Michael A. Sawyers
The Wildlife & Heritage Service and the Fisheries Service, each an arm of the Maryland Department of Natural Resources, are asking for more money from the hunters and anglers they serve.
Although different mechanisms are being used, the result is the same. It will cost more to hunt and fish if Senate Bills 619 and 525 are passed and signed by the governor.
The two situations, though, are not all that similar.
Senate Bill 619
The Maryland general hunting license for resident adults has cost $24.50 for 24 years.
In 1987, the cost of a gallon of gas was 95 cents.
This bill proposes to increase the general hunting license to $37.
But get this.
There would be no increase in the cost of special stamps, such as those for hunting deer via muzzleloader or bow.
In addition, not only would there be no increase for junior or senior licenses, but junior hunters would no longer be charged for muzzleloader or bow stamps.
A year ago, a bill that would have increased the cost of the license by $15.50 was defeated in the General Assembly by a vote of 69-62.
Originally this year, the idea was to pump up the license by $20, but an increase of $12.50 was settled upon because members of the Western Maryland Coalition of Sportsmen said a $20 increase would be too much for hunters from Carroll to Garrett counties, according to Lou Compton, a member of the Maryland Wildlife Advisory Commission.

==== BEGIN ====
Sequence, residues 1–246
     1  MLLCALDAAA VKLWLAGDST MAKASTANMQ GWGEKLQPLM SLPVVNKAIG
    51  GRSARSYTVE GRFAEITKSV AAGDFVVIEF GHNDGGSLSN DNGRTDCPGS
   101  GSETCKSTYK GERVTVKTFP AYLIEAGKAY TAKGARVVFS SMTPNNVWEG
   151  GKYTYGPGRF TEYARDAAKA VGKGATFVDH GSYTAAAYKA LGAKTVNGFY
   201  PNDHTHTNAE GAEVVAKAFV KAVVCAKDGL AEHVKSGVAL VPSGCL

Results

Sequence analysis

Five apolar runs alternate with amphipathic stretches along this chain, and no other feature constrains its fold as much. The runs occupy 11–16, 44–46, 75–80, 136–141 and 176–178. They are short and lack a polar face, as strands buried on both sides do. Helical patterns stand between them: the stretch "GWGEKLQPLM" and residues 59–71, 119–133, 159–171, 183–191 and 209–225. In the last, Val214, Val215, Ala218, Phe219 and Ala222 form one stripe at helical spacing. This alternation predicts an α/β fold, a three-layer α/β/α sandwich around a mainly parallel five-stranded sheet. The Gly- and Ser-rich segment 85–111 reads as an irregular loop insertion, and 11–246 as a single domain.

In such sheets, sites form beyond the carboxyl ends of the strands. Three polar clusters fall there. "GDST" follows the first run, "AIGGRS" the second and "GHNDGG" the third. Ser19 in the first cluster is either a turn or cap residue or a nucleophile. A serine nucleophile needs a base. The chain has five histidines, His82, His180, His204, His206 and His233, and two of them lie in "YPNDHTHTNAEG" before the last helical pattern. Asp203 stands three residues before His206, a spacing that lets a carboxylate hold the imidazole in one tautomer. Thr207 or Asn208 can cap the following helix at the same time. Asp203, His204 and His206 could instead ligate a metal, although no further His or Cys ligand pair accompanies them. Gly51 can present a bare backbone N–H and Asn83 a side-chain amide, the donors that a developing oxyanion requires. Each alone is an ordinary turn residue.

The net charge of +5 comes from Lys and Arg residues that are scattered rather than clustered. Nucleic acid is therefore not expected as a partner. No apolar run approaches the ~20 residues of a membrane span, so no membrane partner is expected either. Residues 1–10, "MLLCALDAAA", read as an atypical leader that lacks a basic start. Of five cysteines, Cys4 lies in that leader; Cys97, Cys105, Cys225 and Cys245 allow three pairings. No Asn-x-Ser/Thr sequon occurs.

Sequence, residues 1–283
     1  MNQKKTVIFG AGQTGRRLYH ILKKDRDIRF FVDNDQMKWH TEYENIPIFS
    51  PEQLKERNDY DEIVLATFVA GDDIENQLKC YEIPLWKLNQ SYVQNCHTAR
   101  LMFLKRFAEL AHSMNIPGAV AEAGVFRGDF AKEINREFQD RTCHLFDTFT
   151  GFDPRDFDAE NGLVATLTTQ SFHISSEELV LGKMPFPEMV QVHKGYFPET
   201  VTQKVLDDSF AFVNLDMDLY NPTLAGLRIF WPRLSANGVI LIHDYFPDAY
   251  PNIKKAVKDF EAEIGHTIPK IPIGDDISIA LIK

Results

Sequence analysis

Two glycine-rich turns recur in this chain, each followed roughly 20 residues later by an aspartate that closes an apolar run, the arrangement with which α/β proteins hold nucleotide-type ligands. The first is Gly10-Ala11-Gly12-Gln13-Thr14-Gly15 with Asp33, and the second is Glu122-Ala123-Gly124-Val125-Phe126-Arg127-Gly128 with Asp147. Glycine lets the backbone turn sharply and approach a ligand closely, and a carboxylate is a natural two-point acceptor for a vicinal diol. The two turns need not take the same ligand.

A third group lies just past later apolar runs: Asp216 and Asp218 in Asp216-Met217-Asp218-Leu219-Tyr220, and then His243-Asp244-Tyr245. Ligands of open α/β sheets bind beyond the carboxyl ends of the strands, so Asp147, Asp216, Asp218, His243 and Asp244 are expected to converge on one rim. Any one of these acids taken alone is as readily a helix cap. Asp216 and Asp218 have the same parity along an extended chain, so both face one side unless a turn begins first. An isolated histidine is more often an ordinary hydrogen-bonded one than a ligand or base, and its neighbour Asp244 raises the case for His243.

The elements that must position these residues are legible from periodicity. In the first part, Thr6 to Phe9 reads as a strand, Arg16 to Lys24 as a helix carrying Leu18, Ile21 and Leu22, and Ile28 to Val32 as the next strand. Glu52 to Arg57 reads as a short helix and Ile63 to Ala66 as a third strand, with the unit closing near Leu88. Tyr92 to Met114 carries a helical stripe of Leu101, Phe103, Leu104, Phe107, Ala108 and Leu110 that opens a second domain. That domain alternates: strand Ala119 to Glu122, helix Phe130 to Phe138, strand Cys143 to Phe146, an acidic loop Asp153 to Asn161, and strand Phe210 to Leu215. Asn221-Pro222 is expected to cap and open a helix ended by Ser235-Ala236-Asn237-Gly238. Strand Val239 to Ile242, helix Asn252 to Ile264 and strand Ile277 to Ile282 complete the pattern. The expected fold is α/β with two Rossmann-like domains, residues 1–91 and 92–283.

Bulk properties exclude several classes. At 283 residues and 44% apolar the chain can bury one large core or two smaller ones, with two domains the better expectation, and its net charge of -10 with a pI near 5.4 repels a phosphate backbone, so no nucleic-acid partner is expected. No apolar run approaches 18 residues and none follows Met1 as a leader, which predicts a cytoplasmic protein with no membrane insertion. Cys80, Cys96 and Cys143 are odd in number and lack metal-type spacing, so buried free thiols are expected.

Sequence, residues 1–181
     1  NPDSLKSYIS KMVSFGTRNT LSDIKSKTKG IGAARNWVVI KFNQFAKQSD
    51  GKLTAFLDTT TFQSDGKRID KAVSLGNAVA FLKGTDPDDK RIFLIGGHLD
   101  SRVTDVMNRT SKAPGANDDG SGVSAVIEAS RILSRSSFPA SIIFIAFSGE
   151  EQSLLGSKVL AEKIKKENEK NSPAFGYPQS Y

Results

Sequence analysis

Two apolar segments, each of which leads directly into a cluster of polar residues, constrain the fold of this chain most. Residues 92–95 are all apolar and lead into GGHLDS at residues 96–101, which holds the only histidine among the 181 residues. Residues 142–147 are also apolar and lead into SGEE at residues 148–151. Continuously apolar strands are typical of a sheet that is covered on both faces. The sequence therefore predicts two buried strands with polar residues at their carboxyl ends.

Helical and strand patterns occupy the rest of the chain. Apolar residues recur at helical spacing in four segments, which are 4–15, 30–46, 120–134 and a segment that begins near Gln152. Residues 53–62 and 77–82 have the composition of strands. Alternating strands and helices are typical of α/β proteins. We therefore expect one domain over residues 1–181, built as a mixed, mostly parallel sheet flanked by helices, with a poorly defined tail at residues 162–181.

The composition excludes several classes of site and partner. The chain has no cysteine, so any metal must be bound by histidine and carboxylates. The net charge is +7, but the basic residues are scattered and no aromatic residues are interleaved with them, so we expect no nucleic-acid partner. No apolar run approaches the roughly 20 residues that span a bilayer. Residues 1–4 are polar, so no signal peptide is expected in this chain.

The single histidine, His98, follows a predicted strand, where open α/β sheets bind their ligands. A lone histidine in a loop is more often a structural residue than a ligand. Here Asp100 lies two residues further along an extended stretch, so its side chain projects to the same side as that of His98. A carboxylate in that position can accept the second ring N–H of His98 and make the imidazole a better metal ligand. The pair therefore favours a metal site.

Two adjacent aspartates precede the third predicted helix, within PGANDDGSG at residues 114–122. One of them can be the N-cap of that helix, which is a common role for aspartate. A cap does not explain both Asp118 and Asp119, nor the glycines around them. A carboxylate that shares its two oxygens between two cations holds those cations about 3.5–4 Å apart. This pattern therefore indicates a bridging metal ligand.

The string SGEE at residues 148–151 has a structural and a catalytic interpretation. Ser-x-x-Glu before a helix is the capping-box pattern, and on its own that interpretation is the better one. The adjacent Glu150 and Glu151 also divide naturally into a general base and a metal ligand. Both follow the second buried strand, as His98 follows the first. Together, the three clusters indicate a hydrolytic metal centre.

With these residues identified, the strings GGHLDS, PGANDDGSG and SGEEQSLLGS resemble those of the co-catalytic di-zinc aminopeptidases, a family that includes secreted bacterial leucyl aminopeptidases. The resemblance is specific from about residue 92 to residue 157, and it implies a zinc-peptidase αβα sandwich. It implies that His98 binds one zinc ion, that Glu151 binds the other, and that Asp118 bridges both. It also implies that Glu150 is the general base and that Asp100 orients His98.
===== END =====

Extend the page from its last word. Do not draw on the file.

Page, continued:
The bill would create a special fund for license revenue so that it could not be pulled and used for anything other than wildlife management.
Also, the bill would direct fines paid by hunting violators into the wildlife management fund.
This is a good bill. It’s been a long time since the hunting fee has increased and the agency needs the income to continue managing wildlife on a scientific basis.
Senate Bill 525
Although a surcharge is not an increase in the license fee per se, you use the same green money to pay for it no matter what it is called.
This bill would add a $10 surcharge to the cost of a $20.50 resident adult recreational fishing license, bringing the cost to $30.50.
I know what you are thinking. You are thinking, “Wait a minute. Didn’t the Fisheries Service increase the cost of a fishing license from $10.50 to $20.50 in 2007?”
The answer to that would be, “Yes.”
Maryland’s attempt to establish a fishing license surcharge is not precedent setting.
Since 1997, anglers in the State of Washington who fish for bass, walleye, channel catfish, tiger muskie and crappie have paid a $5 surcharge in addition to their regular license fees.
The Maryland agency says it would take the new revenue and put it in a fund used for the enforcement of fishery laws and regulations by the state’s natural resources police officers.
Spokeswoman Gina Hunt said via email that only the senior license and complimentary license would not be subject to the surcharge.
Had the cost of a fishing license not recently doubled, I would pause at least long enough to consider my stance on this issue.
But because Maryland anglers have been paying twice as much for six years, the only way I could support this legislation is if bait fishing and the keeping of brook trout are once again allowed in the entire Savage River drainage above Savage River Reservoir. That way, anglers in Almost Maryland would get more for their hard-earned money.
Contact Outdoor Editor Mike Sawyers at email@example.com.